Violation of custody agreement

#1

In the custody agreement ex and myself that holidays would be joint/shared. She was planning on dropping off the children the day after which I pointed out that this is incorrect and unfair - she would have to adjust her plans so that I get to spend time with the children on Christmas day.
My question is what if she doesnt drop them off on Christmas? Do I contact the authorities? I prefer not to so as not to turn the kids happy day upside down. I have an electronic journal that i document things - do i make a journal entry and contact my lawyer who handled the divorce and let him know?

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#2

I’m so sorry that there was a holiday visitation dispute. This is a real life example of what can likely happen if holidays are not clearly defined and divided. A vague agreement that holidays are “joint/shared” is simply insufficient. A quality holiday plan includes the following terms:

  1. A clear definition of WHAT is a holiday. Not everyone celebrates Christmas - you cannot simply assume that Christmas is automatically considered one. The same goes for all other holidays, whether major/standard ones or unique holidays to your family.

  2. Clear parameters on WHEN a holiday begins and ends. Does Christmas begin at 10 am or noon? Are Christmas Eve and Christmas Day the same holiday or two separate periods of time? Does 4th of July end at 11:00 pm on the 4th or at 8:00 am on the 5th? Having specific start/stop times is vital.

  3. Specifics on HOW a holiday is divided. Are you going to rotate the holiday every other year? Or, for example, will one parent have Christmas Eve every year and the other Christmas Day every year?

If you and your ex cannot work out a detailed holiday schedule that is reduced to writing and filed with the Court (the only way such an agreement can be enforced by law enforcement), you may wish to strongly consider going back to Court to work out a schedule. Remember, you two can always agree to deviate from the schedule in the future, but the key word is “agree.” A holiday schedule is your backup plan in case an agreement cannot be reached.

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#3

Thank you for your response, couple follow up questions.

  1. Is it common that individuals post divorce go back to the drawing board to revise custody agreements?
  2. How can be a resolution reached when one may not be in agreement, unwilling to compromise on items?
  3. Is it common to see one participant have resentment toward the other and is unwilling to negotiate, and how does the conversation move forward?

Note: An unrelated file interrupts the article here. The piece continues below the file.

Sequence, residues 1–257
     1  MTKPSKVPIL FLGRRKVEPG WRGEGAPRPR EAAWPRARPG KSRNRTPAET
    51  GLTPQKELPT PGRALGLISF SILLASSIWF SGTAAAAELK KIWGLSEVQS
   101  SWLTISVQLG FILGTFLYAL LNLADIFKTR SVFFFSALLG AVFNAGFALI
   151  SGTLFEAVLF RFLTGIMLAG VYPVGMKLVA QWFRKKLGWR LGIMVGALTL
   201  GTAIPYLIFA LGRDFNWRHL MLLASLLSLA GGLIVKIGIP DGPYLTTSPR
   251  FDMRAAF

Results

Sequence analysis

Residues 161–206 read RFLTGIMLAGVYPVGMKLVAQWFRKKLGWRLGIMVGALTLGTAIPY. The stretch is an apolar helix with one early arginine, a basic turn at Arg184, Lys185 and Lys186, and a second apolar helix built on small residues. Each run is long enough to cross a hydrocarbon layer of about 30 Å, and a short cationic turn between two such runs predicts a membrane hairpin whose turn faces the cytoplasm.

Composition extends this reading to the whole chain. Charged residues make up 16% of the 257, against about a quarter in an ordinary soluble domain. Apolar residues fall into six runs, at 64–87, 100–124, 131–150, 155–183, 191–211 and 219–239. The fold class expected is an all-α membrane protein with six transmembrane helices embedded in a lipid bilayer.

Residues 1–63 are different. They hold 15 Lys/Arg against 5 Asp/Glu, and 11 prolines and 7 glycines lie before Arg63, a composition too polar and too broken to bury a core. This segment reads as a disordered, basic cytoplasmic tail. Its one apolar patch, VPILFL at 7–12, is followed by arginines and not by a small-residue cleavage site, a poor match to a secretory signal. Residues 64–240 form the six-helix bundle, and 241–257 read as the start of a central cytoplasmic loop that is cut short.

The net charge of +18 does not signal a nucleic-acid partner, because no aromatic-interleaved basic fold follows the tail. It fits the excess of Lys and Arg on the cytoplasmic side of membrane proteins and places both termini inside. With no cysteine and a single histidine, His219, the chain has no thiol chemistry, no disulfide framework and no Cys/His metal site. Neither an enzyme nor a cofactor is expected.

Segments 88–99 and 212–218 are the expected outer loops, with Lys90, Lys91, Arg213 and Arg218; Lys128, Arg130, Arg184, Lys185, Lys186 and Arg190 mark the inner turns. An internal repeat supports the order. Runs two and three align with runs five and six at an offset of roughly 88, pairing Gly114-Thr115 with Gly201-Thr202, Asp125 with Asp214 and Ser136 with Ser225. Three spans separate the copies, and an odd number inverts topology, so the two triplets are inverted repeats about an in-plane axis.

Thank you

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#4
  1. It happens quite often. Children are, by their very nature, changing and maturing very quickly. What works for a 2 year old may very well not work once that child begins Kindergarten, and their needs may change when they turn 10 or become a teenager.

  2. Ultimately, the judge decides.

  3. Yes. That is usually the reason why custody litigation occurs. When two parents cannot work together, the court becomes involved, and the judge will make a determination as to what is in your children’s best interests.

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#5

Evening

Thank you once again - much appreciated. Your answers have generated couple more questions.

  1. Does your law firm represent clients who require custody agreement updates?
  2. Would it be your suggestion to a potential client in this situation to work with the lawyer who represented them in the divorce (based on familiarity of both parties) or shopping for services elsewhere is acceptable?
    Thank you
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#6
  1. Yes, we definitely help out parents who need their custody orders/agreements modified.

  2. As a general statement, hiring a different attorney post-divorce can be a good decision for everyone involved. Since you’re a different person now in a different situation, it’s unrealistic to expect that your attorney-client relationship is the same. That doesn’t mean that your former attorney is automatically no longer a good fit for you, or conversely, if you were disappointed before, that you won’t get better results the second time around. You just need to do some self-reflection and make the best decision for you and your children. No competent attorney should get offended if you choose to go in a different direction - a divorce attorney who genuinely cares about the work will be happy if you have the best attorney for you and your needs.

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